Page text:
I will suggest however that where the instructions say to add both the RAID & AHCI drivers to the boot.wim, don't--only add the one you really want to use. Same thing for adding the drivers using n-Lite. Currently I have intermittent BSOD occurring with my server for no obvious reason, meaningless message about new hardware/software, that I suspect may be due to both the RAID & AHCI drivers being loaded at boot. Have not taken time yet to try a "re-install" to see if it helps as am now re-building one of my desktops with Win7 (didn't know until I tried to "upgrade" that can't go from Vista Home Premium to Win7 Pro via the upgrade route!) so is a total "clean install" for me. If this works for you, and you don't get those intermittent bsod's please do let us know so I can look forward to getting it re-installed the right way.

    Hope this helps you. Good luck.
    Thursday, October 29, 2009 2:43 AM
  • Ohhhhhhh Fundamentalman.....how I feel your pain!  I have been grappling with the exact scenario - EXACT.  Much hair has been pulled, much sleep has been lost.  I was salivating whilst scrolling down your post.  I have not turned to the GSATA ports yet, but I am about to jump the Intel ship and swim that way.  THANK YOU so much for taking the time to document your experiece - it has saved me a boat load of time for sure.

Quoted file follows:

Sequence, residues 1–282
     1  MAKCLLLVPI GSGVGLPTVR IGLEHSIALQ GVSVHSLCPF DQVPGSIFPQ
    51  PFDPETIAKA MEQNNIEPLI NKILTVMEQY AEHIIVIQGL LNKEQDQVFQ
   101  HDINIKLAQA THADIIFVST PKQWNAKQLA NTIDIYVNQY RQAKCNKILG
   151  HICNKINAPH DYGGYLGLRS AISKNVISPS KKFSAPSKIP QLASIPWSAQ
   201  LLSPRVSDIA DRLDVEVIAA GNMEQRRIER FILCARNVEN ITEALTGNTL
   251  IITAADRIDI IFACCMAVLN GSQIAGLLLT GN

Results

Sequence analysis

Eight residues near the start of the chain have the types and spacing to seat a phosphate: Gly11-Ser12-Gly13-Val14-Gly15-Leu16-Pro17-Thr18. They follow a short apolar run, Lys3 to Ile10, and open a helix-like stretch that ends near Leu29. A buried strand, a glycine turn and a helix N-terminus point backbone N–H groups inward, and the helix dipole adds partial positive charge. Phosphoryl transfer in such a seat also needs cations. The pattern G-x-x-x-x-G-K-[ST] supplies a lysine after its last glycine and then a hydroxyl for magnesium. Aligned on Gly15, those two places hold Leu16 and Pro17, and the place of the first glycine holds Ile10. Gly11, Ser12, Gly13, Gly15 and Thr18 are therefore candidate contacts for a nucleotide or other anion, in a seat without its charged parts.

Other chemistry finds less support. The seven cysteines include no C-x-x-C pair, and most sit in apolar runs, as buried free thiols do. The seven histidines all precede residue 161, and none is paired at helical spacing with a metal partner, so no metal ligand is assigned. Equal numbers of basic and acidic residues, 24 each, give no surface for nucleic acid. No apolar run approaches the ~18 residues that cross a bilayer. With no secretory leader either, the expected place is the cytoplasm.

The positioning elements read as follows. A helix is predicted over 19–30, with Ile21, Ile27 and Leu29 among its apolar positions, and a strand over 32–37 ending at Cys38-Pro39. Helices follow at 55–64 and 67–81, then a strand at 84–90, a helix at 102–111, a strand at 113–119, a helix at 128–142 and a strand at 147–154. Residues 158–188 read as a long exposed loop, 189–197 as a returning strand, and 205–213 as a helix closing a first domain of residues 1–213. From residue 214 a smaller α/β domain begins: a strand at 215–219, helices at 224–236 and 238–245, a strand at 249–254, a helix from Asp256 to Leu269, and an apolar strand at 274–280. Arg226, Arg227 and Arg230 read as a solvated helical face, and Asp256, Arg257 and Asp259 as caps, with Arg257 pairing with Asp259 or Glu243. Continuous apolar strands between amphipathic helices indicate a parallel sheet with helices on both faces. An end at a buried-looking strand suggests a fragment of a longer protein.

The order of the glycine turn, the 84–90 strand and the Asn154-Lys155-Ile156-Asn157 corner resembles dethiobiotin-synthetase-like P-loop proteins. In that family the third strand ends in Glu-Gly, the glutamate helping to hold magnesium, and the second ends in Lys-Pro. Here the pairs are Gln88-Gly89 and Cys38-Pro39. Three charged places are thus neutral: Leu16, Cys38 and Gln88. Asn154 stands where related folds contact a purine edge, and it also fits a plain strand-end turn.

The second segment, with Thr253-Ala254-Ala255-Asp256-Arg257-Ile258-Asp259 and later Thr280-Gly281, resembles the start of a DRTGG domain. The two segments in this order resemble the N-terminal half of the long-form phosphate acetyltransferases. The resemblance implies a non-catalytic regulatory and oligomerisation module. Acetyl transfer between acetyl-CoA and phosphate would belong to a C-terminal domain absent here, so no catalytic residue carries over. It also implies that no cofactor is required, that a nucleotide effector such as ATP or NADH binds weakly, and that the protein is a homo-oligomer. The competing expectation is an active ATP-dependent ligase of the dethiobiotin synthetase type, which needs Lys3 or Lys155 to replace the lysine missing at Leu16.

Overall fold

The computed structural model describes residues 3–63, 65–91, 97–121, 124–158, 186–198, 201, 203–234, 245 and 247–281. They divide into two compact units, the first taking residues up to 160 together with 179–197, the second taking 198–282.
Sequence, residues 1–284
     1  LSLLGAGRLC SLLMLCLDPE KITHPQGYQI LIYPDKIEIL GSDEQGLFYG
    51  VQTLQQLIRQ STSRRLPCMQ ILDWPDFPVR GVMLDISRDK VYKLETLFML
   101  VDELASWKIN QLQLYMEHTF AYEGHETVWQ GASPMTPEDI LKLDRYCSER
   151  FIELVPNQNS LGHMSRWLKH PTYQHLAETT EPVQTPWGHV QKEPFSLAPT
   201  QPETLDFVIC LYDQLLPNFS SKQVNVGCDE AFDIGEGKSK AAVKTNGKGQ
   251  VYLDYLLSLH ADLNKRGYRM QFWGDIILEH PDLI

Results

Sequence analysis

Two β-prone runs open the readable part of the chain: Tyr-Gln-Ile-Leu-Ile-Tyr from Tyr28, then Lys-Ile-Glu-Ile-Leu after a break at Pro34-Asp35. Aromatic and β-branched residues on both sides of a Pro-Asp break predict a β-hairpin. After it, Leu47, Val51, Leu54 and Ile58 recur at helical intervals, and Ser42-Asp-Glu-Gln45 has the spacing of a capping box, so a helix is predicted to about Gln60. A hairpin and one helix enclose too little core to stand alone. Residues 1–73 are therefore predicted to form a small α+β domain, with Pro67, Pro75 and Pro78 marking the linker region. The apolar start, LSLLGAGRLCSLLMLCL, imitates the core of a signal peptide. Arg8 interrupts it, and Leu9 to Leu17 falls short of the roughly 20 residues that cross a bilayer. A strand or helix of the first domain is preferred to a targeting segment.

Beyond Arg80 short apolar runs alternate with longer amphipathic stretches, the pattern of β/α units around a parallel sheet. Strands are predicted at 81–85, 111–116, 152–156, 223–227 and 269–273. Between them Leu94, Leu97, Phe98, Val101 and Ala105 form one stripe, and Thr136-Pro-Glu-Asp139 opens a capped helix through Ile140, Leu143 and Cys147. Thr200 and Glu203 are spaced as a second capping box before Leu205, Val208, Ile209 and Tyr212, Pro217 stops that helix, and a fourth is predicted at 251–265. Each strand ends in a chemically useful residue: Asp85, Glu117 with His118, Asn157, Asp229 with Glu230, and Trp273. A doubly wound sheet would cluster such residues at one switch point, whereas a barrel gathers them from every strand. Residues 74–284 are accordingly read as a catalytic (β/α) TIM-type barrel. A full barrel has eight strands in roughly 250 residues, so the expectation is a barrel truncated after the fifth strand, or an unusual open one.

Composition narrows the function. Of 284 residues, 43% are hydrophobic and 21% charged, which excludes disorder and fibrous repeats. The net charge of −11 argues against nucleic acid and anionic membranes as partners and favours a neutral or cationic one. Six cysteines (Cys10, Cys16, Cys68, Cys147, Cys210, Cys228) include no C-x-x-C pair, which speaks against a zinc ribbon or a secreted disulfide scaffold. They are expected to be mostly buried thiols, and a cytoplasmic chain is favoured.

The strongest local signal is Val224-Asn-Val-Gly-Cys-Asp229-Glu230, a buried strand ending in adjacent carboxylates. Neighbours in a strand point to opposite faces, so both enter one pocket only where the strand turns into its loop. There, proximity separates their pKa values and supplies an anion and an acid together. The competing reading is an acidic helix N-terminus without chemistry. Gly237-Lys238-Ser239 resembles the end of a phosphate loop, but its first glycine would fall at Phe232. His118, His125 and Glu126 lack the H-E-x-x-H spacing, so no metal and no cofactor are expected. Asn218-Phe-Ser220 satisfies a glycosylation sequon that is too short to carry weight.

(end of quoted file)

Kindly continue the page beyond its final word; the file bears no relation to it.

I'm switching over to JMicron now.  You can assume that the lack of any further post by yours truly equates to a successful switch and pat yourself on the back.  Have a great holiday weekend - I will thanks to you!

    Pat Reddy
    Reddy Software Solutions, Inc.
    St. Louis, MO
    Wednesday, November 25, 2009 2:00 PM
  • Doh!  Me again.  But with good news....

    I didn't have to go to GSATA - I got the Intel working.
    I noticed, on another PC, that I couldn't format my floppy - the one with the drivers.
    I also read somewhere that you cannot just copy the files over - you have to use the utility provided on the Gigabyte DVD.
    I had copied them previously.  So anyway, when I couldn't format the floppy that I had previously copied the files to I simply used another floppy.
    Badda-bing badda-bang...money in the bank.  Now....I did use the utility this time, but I doubt it mattered, I believe it was the floppy I was using.

    Thanks again for all your info.

    PMR
    Wednesday, November 25, 2009 4:28 PM